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The Greek god Zeus
Zeus (Roman equivalent: Jupiter) was the king of the gods, dominating the sky and ruling over both his fellow immortals on Olympus and mankind, dispensing justice and settling disputes.
The father of Zeus was Cronos, who habitually swallowed his children so that none could usurp his power. Rhea, Zeus' mother, concealed the baby god in Crete, giving Cronos a stone to swallow in his place. Reaching maturity, Zeus forced Cronos to disgorge his other children. Zeus ruled the sky, his brothers Poseidon and Hades controlled the sea and the Underworld, and other deities had their particular roles. However, all acknowledged Zeus as supreme ruler.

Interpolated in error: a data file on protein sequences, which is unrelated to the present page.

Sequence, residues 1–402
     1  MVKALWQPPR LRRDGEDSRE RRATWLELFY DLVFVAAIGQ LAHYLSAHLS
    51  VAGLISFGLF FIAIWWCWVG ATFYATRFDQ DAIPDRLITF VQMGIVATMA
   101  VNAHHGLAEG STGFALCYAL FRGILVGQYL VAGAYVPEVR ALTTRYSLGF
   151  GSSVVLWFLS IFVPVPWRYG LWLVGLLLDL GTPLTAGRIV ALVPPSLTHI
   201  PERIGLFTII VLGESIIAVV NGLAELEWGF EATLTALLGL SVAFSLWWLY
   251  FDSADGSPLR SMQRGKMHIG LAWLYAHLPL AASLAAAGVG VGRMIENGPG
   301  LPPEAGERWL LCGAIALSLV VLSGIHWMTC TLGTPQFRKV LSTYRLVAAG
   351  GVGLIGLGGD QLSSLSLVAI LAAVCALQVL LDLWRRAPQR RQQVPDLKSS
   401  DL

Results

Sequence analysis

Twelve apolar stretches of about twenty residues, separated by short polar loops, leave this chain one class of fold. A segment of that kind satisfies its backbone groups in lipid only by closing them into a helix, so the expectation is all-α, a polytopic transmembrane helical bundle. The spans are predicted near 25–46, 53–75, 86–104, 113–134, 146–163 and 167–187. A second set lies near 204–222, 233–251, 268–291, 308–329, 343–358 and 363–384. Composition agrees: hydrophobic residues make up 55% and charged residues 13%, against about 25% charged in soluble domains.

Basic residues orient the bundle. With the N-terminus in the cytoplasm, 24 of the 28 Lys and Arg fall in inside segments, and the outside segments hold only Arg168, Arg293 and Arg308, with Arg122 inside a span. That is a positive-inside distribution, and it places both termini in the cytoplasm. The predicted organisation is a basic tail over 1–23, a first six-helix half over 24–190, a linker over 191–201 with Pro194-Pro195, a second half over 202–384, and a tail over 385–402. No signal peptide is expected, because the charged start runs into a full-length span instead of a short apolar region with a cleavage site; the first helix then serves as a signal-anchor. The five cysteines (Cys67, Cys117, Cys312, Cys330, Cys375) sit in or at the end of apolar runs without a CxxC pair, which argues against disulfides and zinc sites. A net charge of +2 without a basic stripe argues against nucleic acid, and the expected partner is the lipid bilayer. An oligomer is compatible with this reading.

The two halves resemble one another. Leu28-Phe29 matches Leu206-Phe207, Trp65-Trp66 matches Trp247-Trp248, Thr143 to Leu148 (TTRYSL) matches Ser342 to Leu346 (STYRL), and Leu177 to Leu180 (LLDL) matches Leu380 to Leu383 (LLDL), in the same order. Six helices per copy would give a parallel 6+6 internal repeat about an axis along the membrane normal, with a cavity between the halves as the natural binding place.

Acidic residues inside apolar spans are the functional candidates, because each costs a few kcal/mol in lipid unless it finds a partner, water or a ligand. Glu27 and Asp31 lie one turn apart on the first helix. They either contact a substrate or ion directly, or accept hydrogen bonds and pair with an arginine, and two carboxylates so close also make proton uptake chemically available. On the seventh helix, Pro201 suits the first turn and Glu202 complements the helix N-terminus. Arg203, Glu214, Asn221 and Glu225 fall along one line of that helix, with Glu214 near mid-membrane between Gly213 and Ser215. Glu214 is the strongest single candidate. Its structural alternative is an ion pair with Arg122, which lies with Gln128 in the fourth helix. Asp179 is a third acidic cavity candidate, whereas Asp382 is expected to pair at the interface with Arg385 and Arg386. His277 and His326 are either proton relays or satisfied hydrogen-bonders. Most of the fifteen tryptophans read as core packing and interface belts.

Hera was the wife of Zeus, and suffered from his repeated infidelities. His amours with nymphs, goddesses and mortal women resulted in a series of offspring who populate many of the ancient Greek myths. Divine children included Athena, who sprang fully-armed from Zeus' head, Apollo, Artemis, Ares, Eileithuia, Hebe, Hermes, Dionysos, the Seasons, the Fates, the Graces, the Muses and, according to some versions, Aphrodite and Persephone. Children of mortal women included Herakles, Argos, Minos, Rhadamanthys, Sarpedon, Perseus, Helen, Castor and Pollux.
Zeus was widely worshipped throughout Greece and is usually represented in art as a mature, bearded god. He is sometimes shown with an eagle, and often holds a thunderbolt, symbol of his control over the sky and the weather, and a sign of his invincible power.